Retire Into the Teeth of Sequence Risk

When you Retire Into the Teeth of Sequence Risk

Oh Sh$t, I Retired Into the Teeth of Sequence Risk!

 

 

Well, I did it. I retired into the teeth of sequence risk.

Congratulate me now because I did have a plan for sequence of returns risk when I retired.

In fact, I often say that the most important part of retirement (aside from setting the date) is to plan for sequence of returns risk. Well, that, or actually have something purposeful to do in retirement! Is purpose more important than the money? Which one do you want to run out of first in retirement?

If you don’t want to run out of money in retirement, then you better plan for sequence of returns risk. And oh sh|t, did I retire into the teeth of sequence risk!

 

I Retired into the Teeth of Sequence of Returns Risk

I assume you know what sequence of returns risk is, as it is the largest mitigatable retirement-specific risk a retiree faces early on.

Sequence of returns risk is the risk of permanent harm to a portfolio due to withdrawals during a poor early sequence of stock market returns. Even if returns improve later to prove a good arithmetic average, the damage is done as you are forced to sell low and lock in losses.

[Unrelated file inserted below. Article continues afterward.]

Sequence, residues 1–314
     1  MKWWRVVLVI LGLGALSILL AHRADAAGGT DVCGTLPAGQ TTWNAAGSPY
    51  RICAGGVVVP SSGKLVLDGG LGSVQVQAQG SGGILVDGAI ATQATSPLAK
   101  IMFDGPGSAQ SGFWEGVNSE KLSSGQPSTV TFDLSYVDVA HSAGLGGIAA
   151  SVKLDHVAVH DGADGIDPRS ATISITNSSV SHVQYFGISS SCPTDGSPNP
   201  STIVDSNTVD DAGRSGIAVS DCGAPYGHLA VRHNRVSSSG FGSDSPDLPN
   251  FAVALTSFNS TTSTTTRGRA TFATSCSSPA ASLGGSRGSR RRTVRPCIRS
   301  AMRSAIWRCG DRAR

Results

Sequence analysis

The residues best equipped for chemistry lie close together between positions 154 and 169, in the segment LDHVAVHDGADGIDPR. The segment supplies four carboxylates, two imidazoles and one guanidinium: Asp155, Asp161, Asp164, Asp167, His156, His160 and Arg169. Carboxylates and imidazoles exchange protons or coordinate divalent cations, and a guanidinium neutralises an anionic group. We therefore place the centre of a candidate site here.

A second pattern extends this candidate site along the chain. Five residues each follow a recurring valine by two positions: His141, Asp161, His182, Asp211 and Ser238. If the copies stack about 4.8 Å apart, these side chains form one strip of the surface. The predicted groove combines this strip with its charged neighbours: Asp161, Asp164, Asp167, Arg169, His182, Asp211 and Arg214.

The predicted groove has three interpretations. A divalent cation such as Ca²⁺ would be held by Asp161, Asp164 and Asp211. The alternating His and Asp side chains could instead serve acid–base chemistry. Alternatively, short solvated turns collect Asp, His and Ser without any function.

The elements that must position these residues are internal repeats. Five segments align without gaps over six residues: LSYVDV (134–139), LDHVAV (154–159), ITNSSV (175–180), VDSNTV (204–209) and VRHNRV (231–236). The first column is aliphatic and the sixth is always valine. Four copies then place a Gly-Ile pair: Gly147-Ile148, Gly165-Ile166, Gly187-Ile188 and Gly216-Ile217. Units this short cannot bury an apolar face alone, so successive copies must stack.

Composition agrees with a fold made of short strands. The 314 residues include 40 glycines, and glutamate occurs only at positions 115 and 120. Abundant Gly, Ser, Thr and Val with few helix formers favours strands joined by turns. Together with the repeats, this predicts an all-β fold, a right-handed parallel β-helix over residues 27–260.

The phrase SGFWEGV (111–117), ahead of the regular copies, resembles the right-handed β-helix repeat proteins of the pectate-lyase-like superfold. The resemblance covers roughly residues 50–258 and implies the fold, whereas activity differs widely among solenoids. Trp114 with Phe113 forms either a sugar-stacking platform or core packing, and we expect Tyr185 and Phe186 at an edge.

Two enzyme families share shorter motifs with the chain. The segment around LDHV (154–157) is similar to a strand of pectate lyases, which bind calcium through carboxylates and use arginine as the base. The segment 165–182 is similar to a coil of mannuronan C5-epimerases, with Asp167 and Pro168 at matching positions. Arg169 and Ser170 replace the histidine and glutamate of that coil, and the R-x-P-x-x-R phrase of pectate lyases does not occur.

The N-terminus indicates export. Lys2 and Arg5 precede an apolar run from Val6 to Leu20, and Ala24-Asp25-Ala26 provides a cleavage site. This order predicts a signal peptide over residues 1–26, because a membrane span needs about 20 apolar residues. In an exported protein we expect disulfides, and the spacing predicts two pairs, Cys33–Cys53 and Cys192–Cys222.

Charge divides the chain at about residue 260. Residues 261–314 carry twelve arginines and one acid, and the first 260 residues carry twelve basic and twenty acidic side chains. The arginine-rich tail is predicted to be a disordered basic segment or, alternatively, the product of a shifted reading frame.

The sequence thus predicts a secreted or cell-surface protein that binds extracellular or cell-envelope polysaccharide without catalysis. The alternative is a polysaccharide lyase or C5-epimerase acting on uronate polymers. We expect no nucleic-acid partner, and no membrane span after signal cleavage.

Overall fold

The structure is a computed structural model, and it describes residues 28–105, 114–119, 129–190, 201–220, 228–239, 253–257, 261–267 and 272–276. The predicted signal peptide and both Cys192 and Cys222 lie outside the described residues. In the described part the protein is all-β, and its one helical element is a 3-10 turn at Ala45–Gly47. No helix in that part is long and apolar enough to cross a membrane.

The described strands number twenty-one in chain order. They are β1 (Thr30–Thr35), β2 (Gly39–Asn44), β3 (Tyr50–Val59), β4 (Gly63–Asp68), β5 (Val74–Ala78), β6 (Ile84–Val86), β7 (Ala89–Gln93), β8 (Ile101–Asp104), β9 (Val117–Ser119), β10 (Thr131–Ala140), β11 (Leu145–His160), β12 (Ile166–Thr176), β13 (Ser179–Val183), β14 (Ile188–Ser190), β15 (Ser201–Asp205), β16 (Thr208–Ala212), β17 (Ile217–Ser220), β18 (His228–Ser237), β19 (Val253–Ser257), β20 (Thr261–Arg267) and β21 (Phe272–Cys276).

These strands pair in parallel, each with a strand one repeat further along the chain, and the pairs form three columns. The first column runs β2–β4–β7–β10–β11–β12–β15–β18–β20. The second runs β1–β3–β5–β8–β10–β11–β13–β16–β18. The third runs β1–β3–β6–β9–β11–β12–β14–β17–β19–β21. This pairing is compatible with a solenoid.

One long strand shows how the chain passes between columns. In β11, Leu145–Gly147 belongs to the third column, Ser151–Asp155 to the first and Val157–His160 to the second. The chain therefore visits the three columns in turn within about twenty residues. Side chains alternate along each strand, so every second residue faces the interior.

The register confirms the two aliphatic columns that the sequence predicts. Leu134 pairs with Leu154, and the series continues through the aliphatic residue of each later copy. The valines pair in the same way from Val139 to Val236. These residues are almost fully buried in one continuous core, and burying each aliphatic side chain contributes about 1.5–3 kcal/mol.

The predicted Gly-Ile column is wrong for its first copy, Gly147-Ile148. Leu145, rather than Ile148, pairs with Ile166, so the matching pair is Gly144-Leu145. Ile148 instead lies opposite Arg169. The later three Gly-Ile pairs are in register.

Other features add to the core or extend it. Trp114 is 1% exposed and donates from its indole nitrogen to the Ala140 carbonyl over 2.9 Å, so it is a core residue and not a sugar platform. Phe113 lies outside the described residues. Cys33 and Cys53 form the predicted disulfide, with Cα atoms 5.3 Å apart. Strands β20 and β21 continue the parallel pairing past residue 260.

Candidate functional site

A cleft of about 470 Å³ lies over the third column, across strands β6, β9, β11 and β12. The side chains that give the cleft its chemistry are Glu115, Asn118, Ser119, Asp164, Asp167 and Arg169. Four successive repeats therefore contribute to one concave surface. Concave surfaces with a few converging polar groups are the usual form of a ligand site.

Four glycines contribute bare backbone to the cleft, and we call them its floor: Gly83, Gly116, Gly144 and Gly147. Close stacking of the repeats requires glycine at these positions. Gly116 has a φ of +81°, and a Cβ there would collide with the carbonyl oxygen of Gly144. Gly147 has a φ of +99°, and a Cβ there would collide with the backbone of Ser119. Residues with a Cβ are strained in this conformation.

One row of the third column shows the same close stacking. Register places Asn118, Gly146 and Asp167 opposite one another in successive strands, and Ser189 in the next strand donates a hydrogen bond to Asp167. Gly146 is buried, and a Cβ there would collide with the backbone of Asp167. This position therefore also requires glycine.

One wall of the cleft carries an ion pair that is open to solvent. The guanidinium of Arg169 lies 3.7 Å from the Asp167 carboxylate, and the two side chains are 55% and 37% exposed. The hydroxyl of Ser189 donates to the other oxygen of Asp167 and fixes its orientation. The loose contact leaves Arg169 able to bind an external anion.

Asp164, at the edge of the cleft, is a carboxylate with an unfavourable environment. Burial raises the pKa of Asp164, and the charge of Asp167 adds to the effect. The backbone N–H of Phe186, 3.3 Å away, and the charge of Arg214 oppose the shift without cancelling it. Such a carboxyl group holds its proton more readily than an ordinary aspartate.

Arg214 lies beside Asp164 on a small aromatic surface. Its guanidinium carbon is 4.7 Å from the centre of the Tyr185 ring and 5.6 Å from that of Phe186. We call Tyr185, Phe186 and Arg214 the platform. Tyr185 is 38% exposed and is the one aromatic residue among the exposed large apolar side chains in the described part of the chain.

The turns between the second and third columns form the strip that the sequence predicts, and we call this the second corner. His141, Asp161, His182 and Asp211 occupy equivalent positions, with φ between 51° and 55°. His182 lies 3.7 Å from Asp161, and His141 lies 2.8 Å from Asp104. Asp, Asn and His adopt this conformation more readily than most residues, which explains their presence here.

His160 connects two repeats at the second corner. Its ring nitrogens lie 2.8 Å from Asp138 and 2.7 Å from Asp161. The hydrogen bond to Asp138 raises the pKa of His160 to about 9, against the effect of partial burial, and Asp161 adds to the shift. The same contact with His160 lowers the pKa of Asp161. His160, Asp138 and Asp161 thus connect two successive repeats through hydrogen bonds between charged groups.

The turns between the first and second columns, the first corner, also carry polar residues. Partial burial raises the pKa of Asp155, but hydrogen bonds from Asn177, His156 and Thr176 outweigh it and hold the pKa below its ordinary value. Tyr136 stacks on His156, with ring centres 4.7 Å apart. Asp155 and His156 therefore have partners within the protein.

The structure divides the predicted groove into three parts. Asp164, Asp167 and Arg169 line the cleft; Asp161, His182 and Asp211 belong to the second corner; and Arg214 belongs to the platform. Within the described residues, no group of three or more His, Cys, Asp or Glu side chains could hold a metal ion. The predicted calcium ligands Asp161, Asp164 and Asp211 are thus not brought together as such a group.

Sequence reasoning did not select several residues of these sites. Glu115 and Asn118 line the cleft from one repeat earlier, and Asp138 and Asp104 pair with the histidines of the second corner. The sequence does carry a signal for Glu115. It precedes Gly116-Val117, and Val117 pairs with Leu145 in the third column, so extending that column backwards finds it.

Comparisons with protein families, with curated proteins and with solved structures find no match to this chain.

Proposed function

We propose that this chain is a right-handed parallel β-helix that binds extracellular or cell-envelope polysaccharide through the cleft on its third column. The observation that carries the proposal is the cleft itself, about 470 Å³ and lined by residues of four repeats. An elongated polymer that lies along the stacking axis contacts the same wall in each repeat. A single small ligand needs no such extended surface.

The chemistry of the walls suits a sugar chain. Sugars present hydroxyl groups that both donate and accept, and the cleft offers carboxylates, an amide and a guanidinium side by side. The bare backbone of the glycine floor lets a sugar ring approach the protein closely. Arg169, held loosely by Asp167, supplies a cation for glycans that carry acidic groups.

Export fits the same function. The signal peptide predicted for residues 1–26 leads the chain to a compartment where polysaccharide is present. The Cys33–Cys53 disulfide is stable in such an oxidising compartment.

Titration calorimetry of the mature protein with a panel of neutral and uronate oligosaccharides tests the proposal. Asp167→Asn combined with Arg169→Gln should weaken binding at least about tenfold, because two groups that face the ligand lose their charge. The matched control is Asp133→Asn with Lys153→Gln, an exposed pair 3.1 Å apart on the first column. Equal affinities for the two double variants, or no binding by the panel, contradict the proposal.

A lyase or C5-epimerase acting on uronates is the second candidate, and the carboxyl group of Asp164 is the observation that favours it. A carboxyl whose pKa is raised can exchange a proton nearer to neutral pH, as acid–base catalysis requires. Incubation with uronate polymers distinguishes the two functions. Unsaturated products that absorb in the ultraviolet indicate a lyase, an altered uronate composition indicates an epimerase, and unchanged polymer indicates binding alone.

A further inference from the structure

It is mitigatable, as you can build buffer assets to mitigate against sequence risk.

And it is only a risk early on in retirement. I have bits on planning for sequence risk and asset allocation before and after retirement:

Before

After

I retired into the teeth of sequence risk, as the largest proportion of the risk is in the first year of retirement. However, I mitigated the risk by having other sources of income and not needing current portfolio income to live on.

Essentially, we are coastFIRE, earning enough to support current spending and letting the portfolio double in the background before planned withdrawals.

So, did I retire? No, I told you, I’m a stay-at-home dad, and my wife works harder than I ever did!

 

Buying Crypto during the CryptoWinter

I have also finished buying crypto for now. See my previous blog on how I got to 1% of investible assets.

Now, I have increased my holdings of three different coins to 1% of our net worth. It took some buying to do so, as the coins have generally been going down about 30% since I started getting in (and they were off 50% before I even started buying!).

So, understand this, even despite dollar-cost averaging into a position while it is going down (the best time to do so!), I have a negative 30% return already! Amazingly, I spent two weeks shoveling money into crypto; at least on paper, it is already gone. Poof. But good thing I don’t need to sell and can see what prices do in the next 5-10 years. Remember, crypto is a stock-alternative and probably a good thing to think about if you want to have a lot of risk and volatility in part of your portfolio.

 

Selling Muni’s during Sequence Risk